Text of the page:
Expert Review: Sailing Indonesia Aboard Ombak Putih

March 27, 2014 • Chris Harter

AdventureSmith’s Chris Harter embarked April 18th for an island-hopping adventure aboard our new small ship cruise offering, Sailing Indonesia: Bali, Komodo & Flores Cruise. It’s his third time back to Indonesia, but his first time aboard the stunning 24-guest sailing vessel Ombak Putih, which combines traditional and modern design to bring authenticity and comfort to her itineraries in the Ring of Fire region.

Small ship Ombak Putih sailing past Islands in Indonesia.
photo by Jennifer Hayes

Why did you choose this cruise?

I have lived and traveled extensively in Asia, and Indonesia has always been my favorite country in Southeast Asia. Ultimately, it’s the variety and friendliness of its people that is pulling me back for a third trip. And what a return it will be sailing on a comfortable 24-person vessel, the Ombak Putih (pronounced poo-tey). She is small enough to be intimate with personalized service, and large enough to be comfortable with a bit of privacy. My one and only complaint with Indonesia has always been that it takes a very long time to get anywhere, and with the Bali, Komodo & Flores Cruise the rigors of travel are completely removed. You get to wake up every day in a new environment and take part in a new adventure. For me personally, this trip and vessel make for the perfect trip, so choosing to work with this program and getting on board is incredibly exciting.

Why is this trip a perfect fit for the AdventureSmith style of travel?

This trip offers incredible variety of locations and experience. Indonesia, despite many similar latitudes has radically different habitats and cultures. And with vessel-based itineraries you have an ease of travel to otherwise very time-consuming to reach destinations. This trip also allows for a natural addition to the cruise, spending time on the idyllic island of Bali. Everyone needs to get to Bali at least once. Finally, exposure to intact, unfamiliar cultures in an intimate way and having the opportunity to see the bucket list Komodo dragons make this trip an adventure like no other.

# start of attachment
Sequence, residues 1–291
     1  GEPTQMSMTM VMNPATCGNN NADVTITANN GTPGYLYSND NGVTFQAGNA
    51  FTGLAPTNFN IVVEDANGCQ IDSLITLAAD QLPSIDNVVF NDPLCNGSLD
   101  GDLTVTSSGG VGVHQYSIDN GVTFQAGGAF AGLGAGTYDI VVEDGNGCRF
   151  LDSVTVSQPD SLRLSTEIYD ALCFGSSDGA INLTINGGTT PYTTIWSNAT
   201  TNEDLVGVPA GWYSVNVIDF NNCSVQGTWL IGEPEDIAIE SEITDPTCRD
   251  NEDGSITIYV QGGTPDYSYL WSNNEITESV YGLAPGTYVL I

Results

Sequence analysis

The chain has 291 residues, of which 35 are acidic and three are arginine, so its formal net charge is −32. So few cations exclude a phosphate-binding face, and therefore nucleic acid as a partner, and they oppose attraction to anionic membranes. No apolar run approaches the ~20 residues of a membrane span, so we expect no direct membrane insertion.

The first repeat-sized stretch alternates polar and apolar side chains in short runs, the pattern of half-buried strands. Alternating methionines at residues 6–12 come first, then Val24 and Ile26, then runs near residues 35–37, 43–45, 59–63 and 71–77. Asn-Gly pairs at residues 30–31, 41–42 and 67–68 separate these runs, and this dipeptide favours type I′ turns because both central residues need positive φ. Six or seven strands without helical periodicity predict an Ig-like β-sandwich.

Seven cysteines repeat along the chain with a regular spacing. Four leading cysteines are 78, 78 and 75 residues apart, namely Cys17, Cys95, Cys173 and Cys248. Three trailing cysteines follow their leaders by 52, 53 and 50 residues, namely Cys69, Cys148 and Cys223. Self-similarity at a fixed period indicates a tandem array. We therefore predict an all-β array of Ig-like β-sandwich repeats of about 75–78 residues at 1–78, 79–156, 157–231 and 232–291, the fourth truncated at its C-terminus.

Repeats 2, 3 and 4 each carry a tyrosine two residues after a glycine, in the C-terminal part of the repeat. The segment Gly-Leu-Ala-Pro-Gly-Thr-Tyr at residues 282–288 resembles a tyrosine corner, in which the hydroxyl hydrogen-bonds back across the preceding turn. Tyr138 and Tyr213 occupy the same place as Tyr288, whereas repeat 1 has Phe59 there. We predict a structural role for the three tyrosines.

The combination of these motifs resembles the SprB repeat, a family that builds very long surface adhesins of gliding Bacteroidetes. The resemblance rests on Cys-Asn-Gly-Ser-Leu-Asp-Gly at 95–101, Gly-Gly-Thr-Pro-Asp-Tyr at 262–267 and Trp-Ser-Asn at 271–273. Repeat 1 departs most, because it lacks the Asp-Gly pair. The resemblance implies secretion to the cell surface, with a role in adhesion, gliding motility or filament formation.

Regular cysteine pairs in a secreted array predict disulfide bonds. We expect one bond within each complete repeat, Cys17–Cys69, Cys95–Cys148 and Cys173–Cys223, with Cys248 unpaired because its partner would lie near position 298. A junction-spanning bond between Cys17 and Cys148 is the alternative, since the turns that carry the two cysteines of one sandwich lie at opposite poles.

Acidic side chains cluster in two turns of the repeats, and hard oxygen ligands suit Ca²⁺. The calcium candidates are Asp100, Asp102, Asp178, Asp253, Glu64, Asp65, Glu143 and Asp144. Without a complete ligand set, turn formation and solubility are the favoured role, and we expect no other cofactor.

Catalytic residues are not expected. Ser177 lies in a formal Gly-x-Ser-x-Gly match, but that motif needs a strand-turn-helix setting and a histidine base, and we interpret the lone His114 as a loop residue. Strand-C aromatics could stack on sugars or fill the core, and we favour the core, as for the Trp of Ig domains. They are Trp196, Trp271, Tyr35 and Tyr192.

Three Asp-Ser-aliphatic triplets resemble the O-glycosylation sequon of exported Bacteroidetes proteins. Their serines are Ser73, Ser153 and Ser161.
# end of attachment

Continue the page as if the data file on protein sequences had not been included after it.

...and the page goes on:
Komodo dragon seen on an excursion from a small ship cruise in Indonesia.
photo by William Warby

What sites/experiences are you most excited about?

Komodo dragons! It’s always been a childhood dream of mine to see these prehistoric creatures. And I have regretted for many years not fitting in time to see them when I was backpacking through Southeast Asia as a young adult. I’m also excited to see one of the famous whip dances in the villages of Flores. Sounds a bit daunting.

Local Indonesian man wearing a headress.
photo by Jennifer Hayes

You’ve been to Indonesia before a few times, tell us about those travels.

The first time I went I was very young, and very green as a traveler. I spent five weeks on Sumatra and Nias Island off the southern coast of Sumatra. This was about 17 years ago when I had a bit of learning to do. Let’s just say I learned a lot about how to travel more wisely during those five weeks. The second time I went to Indonesia was about 11 years ago. I took my future wife to Bali for three weeks on our first trip together. I suppose Bali is where we fell in love. Difficult not to really with all the aesthetic beauty, wonderful people and exotic culture surrounding you. Returning to Indonesia with my wife was like a second honeymoon of sorts for us.